Publié le 27 septembre 2017
Eric Honig, EXFO’s Director, Access and Platform Ecosystem Business Units, recently participated in a podcast hosted by ISE Magazine (formerly OSP Magazine).
Subscribers have an ever-growing need for more bandwidth. Eric discussed the challenges service providers are facing within that environment; the latest technologies being deployed; and testing practices that are critical to successfully installing and deploying these new technologies and networks.
Access Eric’s podcast here or read on for a detailed summary of his main discussion points.
There are several new technologies available, each with their own business drivers. They can be divided up between copper-based and fiber-based.
Copper-based technologies, including VDSL2 vectoring and Gfast, makes sense when the copper infrastructure is already in place.
Fiber-based technologies are the best choice for greenfield areas as well as strategic locations where deployments can be cost-justified given the potential for higher service revenue.
In all the cases mentioned above—whether copper or fiber—new deployments will occur. As a result, testing of the physical layer as well as service validation will be required. It is vital to establish best testing practices for each phase in order to achieve expected data rates and reliability while minimizing costly and time-consuming troubleshooting efforts.
To ensure deployment success for both optical and twisted-pair copper networks, specific steps should be followed.
Step one: Perform testing at every deployment phase to make sure that the new optical component is correctly installed. These tests may range from a simple connector endface inspection or an optical power measurement to more advanced qualification such as optical time domain reflectometer (OTDR) testing.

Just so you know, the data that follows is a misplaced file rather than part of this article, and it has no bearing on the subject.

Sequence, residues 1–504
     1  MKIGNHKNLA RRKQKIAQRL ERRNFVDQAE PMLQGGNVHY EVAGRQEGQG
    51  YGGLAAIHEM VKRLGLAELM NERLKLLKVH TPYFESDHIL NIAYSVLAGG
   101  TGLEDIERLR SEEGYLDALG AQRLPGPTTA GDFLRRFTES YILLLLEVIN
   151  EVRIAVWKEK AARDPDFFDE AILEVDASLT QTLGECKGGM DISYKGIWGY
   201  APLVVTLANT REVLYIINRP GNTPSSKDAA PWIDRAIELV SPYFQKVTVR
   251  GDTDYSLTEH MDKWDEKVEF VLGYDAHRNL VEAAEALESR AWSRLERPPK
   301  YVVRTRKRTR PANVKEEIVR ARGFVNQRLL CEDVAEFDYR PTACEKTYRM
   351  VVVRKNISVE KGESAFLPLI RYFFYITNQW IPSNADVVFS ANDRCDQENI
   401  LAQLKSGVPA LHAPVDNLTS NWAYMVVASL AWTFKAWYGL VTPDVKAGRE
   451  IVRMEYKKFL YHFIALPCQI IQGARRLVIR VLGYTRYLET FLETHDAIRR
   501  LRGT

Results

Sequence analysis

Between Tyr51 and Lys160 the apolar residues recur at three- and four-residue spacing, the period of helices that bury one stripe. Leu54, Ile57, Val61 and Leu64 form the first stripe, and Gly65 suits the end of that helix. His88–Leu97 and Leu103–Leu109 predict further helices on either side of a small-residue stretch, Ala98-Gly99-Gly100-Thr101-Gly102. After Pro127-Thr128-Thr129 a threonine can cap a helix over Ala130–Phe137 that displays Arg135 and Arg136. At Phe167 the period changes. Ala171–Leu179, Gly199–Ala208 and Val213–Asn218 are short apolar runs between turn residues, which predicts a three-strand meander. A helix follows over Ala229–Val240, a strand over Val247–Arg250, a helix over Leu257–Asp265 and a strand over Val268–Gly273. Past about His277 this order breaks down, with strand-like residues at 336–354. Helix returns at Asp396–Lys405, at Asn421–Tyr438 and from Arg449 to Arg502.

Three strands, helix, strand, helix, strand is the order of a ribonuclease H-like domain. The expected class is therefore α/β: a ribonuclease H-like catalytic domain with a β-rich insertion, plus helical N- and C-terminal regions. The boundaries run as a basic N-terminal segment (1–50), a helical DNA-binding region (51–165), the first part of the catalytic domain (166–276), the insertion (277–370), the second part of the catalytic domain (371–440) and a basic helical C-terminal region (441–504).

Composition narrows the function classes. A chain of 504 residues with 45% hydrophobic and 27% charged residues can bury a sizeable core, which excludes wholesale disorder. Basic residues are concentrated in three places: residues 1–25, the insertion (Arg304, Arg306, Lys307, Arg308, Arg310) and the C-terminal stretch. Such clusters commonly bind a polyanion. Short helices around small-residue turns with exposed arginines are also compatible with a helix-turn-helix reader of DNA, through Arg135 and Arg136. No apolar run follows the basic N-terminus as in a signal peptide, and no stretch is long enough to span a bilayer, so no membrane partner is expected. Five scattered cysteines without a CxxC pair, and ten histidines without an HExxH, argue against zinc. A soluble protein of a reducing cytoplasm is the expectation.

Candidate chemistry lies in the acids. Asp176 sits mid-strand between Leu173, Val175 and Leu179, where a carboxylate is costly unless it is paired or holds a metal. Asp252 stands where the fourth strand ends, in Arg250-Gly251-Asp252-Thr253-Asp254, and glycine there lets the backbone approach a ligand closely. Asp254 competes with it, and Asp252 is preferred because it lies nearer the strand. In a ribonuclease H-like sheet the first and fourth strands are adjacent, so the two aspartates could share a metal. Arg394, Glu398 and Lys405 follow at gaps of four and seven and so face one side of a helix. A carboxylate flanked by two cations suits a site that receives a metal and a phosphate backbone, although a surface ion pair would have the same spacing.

Step two: Establish testing methods of procedure (MOPs) that include all the steps needed to deploy the fiber and ensure compliance across field teams.
Step one: Physical measurements such as stress balance, impulse noise, resistive fault location (RFL), and time domain reflectometer (TDR) are just a few measurements that are key to detecting and locating copper faults during the installation and repair phases.
Step two: Automated Gfast (or VDSL2) closeout tests are necessary to validate subscriber data rates and performance.
Step three: It is important to validate the real throughput of a circuit using a trusted method for testing speed, preferably one that subscribers themselves are familiar with, such as Speedtest® by Ookla®. Further validation of services such as IPTV and VoIP are required to ensure there are no issues.
Critical to the successful deployment of any type of network is field process automation. It streamlines and automates complex testing procedures during both the construction and turn-up phases and delivers key benefits including:
As well, improving visibility of the test data, with the ability to dashboard benchmark performance indicators such as network quality and job progress and contractor efficiency, is critical. It’s not enough to simply capture data, but there must be a way to visualize it to easily see the important network and systems information that it carries.
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